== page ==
AMIR YOUSUF Wani, a jobless 20-year-old, is hoping to get a passport, maybe even a job abroad. Shabir Ahmad Ganai, a bus conductor, says he can finally focus on work and family. Danish Qayoom, a shop-owner, is relieved he can lead “a normal life like others”. And a college student from Pulwama is happy that his family will never come to know about the case against him.
On November 29, J&K Chief Minister Mehbooba Mufti ordered the withdrawal of first-time cases of stone-pelting against 4,327 youths to create “a positive and conciliatory atmosphere in the state”, which was rocked by unrest after the killing of militant Burhan Wani last year.
It’s barely been a fortnight, but the results are already showing.
“I agree, my son committed a mistake but he was just 17 then. He suffered a lot because of the case. I hope this amnesty will help him lead a normal life again,” says Amir’s mother Mehnaz Akhtar, speaking to The Indian Express at their home in Baramulla town’s Rangwar locality.
Aamir was in Class 9 at the Police Public School in Srinagar, when he was arrested and charged for pelting stones at security forces during a protest in Baramulla three years ago. He was expelled from school, and has been looking for a job ever since.
Aamir admits that he pelted stones “in fury… several times” after he was once “beaten by a policeman while watching a protest from the sidelines”. Today, he describes the amnesty, for which his name has been recommended, as “Godsend”.
“I was released from jail after 16 days but had to pay a heavy price. I was rusticated, couldn’t appear for the exams and lost a year of schooling. After completing Class 10, I applied for a passport so that I could look for a job abroad. But I could not clear the police verification because of the case,” says Aamir, whose father died when he was three years old.
J&K DGP S P Vaid, who headed a committee that recommended the withdrawal of cases, confirms that “the number of people who will benefit is around 4,300”. The initiative came days after the Centre’s J&K special representative, Dineshwar Sharma, visited the state for the second time in November and met a delegation of youths charged in stone-pelting cases.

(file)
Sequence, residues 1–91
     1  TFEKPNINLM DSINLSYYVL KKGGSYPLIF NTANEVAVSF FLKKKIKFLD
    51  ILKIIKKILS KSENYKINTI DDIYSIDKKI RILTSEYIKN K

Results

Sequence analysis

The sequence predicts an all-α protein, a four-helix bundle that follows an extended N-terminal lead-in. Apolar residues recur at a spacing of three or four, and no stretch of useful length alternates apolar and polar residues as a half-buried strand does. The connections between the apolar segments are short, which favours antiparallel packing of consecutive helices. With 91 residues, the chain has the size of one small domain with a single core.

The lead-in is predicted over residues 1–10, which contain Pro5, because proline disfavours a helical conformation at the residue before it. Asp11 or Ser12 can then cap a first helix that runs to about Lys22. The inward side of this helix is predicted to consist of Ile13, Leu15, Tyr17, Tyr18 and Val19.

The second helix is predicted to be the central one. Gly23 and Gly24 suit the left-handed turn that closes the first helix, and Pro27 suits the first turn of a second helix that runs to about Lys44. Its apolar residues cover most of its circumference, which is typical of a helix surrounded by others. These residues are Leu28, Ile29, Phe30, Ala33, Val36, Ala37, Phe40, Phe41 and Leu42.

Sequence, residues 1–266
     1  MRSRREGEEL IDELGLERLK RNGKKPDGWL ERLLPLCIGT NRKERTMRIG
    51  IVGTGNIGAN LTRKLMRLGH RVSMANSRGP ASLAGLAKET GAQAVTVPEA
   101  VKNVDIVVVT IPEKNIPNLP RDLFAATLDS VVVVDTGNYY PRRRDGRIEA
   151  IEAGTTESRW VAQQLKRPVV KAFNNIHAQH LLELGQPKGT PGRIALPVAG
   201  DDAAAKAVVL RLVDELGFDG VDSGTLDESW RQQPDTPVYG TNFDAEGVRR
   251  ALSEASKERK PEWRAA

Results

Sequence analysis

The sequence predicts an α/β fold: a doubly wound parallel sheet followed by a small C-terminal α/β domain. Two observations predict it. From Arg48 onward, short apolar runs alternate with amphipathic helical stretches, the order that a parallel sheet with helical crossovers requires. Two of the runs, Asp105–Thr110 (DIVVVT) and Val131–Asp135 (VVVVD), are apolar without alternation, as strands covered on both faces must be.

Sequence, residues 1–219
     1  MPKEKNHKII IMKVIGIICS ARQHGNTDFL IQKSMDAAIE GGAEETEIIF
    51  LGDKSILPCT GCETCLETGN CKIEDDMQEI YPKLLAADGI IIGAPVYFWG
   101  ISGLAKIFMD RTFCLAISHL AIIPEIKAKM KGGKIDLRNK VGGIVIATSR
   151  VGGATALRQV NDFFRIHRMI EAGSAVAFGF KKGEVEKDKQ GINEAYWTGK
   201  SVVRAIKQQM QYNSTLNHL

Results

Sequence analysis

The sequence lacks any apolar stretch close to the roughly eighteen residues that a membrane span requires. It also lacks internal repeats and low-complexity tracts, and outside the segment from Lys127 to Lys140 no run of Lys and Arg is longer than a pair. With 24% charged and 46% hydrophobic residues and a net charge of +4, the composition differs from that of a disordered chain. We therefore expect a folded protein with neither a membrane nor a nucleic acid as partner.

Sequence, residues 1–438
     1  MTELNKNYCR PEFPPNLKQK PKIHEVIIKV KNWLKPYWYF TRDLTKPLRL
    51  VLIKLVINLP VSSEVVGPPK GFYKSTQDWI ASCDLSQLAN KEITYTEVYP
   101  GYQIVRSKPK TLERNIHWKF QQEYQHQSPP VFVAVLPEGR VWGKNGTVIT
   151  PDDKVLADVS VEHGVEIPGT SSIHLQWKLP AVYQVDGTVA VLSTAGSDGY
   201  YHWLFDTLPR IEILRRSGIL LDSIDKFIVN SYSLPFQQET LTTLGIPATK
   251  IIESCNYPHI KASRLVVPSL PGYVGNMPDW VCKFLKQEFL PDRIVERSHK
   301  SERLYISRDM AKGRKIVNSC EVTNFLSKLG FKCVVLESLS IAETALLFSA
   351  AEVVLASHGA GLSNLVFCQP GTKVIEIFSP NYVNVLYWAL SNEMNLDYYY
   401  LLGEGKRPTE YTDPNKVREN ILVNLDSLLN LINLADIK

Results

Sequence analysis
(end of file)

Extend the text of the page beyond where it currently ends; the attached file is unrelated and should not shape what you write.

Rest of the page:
Senior police officers in J&K say they have begun the process of identifying those who will be let off. “Every police station has been asked to send a list of stone-pelters who have only one case registered against them. These lists are being compiled at the district level for further action. We have been asked to look at all cases from 2010,” says a police officer.
According to a government prosecutor, who did not wish to be identified, the final call on these cases will be taken by the court. “The amnesty falls within the purview of the court. The government will recommend the cases to the court and in some instances, it has already been done. The court will look at individual cases,” says the official.
On the ground, this has meant renewed hope for hundreds. Last Sunday, police organised a one-day interaction — Ek Naya Aagaz or a new beginning — in Baramulla for 350 youths whose names have been recommended under the scheme.
At Khawaja Bagh in Baramulla, 23-year-old bus conductor Shabir Ahmad Ganai was charged for pelting stones during protests in 2010 over the abduction and fake encounter of three civilians at Machil and the death of Class 10 student Tufail Mattoo who was hit on the head by a teargas shell.
“That was the first and last time I was part of a stone-throwing protest. All these years, my focus was on the case, and I had to present myself in court every month. Now I have been told that the case will be withdrawn. If that happens, I can focus again on my work and family,” says Shabir, the son of a government employee.
In Srinagar’s Bhagwanpora, Danish Qayoom, who runs a furnishing shop, describes the stone-pelting case against him as “a sword hanging over the neck”. Police registered a case against Qayoom in 2016 for stone-pelting during the protests that followed the killing of Wani.
“I have suffered a lot because of this case. I had to shut my shop every time I had to attend court hearings. If it is withdrawn, I will be able to live a normal life like others, it would be the biggest relief,” he says.
For a 22-year-old college student in Pulwama, the relief has come at many levels – at not having to go to jail, and the possibility that his parents may never come to know about the case.
“I was charged in 2010, I was only 16 then. Those days, everyone was out on the streets throwing stones. After some months, I came to know that a case has been registered against me. My family knows that I was part of many protests, but they don’t know about the FIR. If the case is withdrawn, it will help me keep it a secret,” says the student, who has a younger sister and brother.
But what he has to add is a pointer to the challenges that lie ahead — for both sides.
“Nobody wants to pelt stones but sometimes the circumstances are so created (by security forces) that we are forced to pelt stones at them. I can’t be sure that I won’t pelt stones in the future. Sometimes, it happens at the spur of the moment,” he says.
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